Florida Legislative Session Ends Without Insurance Reforms
Florida’s 2010 Regular Legislative Session might be remembered mainly for one thing: Gov. Charlie Crist’s departure from the Republican Party on the eve of his deadline to qualify as an Independent candidate for U.S. Senate. He made the move because most polls showed him badly losing the Republican Party primary.
The governor’s decision sent shockwaves throughout Florida’s political landscape and scuttled important legislation, including bills designed to fix the state’s broken property and casualty insurance system and reform the state’s education system.
House Bill 447, whose lead sponsors were Rep. Bill Proctor (R-St. Augustine) and Sen. Mike Bennett (R-Bradenton), was derived from similar legislation passed in 2009 but vetoed by Crist.
The 2009 version of the bill would have permitted large, well-capitalized national property insurers to forego the state’s onerous rate regulation process. This “consumer choice” bill would have given people the option to purchase their coverage from these larger companies at market-based rates or continue doing business with companies whose rates remained regulated by the state.
Deregulation for All
To address the governor’s stated concerns about the 2009 version, the “consumer choice” bill filed this year was changed to allow all insurance carriers—large and small—to participate voluntarily in the rate deregulation. Insurers taking advantage of this provision, however, would be barred from purchasing subsidized reinsurance coverage from the upper layer of the Florida Hurricane Catastrophe (CAT) Fund, the state-run reinsurer.
This upper layer of the CAT Fund, also known as the TICL (for Temporary Increase in Coverage Layer), is underfunded, and if tapped after a hurricane it is likely to impose financial liabilities that exceed the state’s ability to pay, even through borrowing.
After Crist signaled he would veto this year’s bill, lawmakers amended it to cap any increases in insurance premiums resulting from the deregulation of rates to 10 percent a year.
This amendment would have allowed insurers to raise or lower their rates within a 10 percent band in any given year without having to go through the state’s onerous rate filing process. Any reductions or increases beyond the 10 percent threshold would have to go through the state’s current rate filing process and be approved by the Office of Insurance Regulation. A similar “flex band” rating system was originally proposed as one of several solutions to the state’s insurance crisis.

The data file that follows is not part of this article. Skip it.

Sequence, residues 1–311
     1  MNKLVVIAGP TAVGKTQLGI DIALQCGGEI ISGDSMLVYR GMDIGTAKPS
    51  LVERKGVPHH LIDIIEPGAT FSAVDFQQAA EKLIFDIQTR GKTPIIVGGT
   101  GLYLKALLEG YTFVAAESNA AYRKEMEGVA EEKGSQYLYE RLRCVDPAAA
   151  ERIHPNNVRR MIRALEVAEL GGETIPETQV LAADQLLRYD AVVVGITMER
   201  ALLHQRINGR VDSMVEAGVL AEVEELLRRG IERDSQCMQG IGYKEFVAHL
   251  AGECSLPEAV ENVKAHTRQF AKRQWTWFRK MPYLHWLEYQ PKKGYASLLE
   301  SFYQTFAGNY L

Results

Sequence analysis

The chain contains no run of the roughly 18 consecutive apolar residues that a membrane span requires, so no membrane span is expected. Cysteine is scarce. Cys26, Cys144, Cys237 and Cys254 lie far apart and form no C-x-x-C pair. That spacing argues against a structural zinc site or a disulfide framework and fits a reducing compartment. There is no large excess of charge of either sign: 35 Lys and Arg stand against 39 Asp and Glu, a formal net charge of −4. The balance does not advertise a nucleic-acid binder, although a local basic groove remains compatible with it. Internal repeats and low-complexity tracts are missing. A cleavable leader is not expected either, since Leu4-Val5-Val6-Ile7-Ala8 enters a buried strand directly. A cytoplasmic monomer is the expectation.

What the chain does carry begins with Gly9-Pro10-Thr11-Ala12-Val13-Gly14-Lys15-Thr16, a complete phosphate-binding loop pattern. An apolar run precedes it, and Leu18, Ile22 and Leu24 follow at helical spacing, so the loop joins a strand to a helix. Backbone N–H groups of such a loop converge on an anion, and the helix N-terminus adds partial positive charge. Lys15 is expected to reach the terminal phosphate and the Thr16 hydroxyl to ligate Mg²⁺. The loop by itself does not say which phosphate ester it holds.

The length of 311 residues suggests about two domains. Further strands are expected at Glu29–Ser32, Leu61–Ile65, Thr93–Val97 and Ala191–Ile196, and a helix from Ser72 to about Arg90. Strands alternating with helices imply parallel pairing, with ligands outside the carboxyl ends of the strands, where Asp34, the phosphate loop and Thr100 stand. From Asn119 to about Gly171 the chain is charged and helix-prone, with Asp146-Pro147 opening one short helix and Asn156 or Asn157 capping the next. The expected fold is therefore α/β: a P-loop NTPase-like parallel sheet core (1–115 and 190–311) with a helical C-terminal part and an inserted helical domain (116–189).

No Consumer Choice Bills
As rumors of the governor’s imminent departure from the Republican Party reached a fever pitch following his veto of an education bill, the Republican leadership reportedly did not want to give the governor the opportunity to veto another “politically unpopular” bill. Thus despite overwhelming bipartisan support, legislative leaders decided to abandon attempts to enact insurance consumer choice legislation in 2010.
A property insurance reform package sponsored by Rep. Bryan Nelson (R-Apopka) and Sen. Garret Richter (R-Naples) did pass but was vetoed.
Senate Bill 2044 included expedited rate filing for rate increases due to inflation and increased reinsurance costs, up to 10 percent a year; a requirement that claims be filed within three years of a hurricane (instead of the current five-year limit); restrictions on abusive public adjusters’ solicitation and compensation practices; and penalties for home mitigation inspectors who violate the law.
Overwhelming Support, Then Veto
Although the legislation was handily passed by both chambers with overwhelming bipartisan support and was endorsed by consumer advocates, the insurance industry, and the governor’s own Office of Insurance Regulation, Crist vetoed it June 1, the first day of hurricane season.
Crist said he vetoed the bill because it would have harmed consumers. In his veto letter, Crist wrote, “During these very difficult economic times, Florida's consumers should not have to be concerned with an additional premium increase to their policy."
He apparently went against the advice of Insurance Commissioner Kevin McCarty, who had urged him to sign SB2044. The bill would have made sure that "all potential rate increases are reviewed and approved or rejected by OIR [Office of Insurance Regulation] prior to one penny being paid by consumers," McCarty wrote in a letter to the governor.
Suffering a similar fate was the education reform legislation, Senate Bill 6, also known as the “Merit Pay” bill. It would have tied a portion of teachers’ salaries to student achievement and eliminated tenure for newly hired teachers. Existing teachers, including those not yet tenured, would have been allowed to remain in the tenure system.
Many school boards and the state’s teachers union vociferously opposed the plan. Despite officially supporting the bill as it moved through the legislative process and assuring legislative leaders that he would sign the bill, Crist eventually vetoed the measure.
Strategically Killed Bills
Many political observers viewed the veto of SB-6 as a prelude to Crist’s departure from the Republican Party a few weeks later, which resulted in the strategic decision by lawmakers to prevent several of their own legislative proposals from reaching his desk.
With no meaningful property insurance legislation enacted this session, the state must again hold its breath and pray for another hurricane-free year.
The issue may arise again in 2011, as all three major candidates for governor have called for meaningful, market-freeing reforms to Florida’s broken property insurance system.
Christian R. Cámara (firstname.lastname@example.org) is director of the Florida Insurance Project of The Heartland Institute.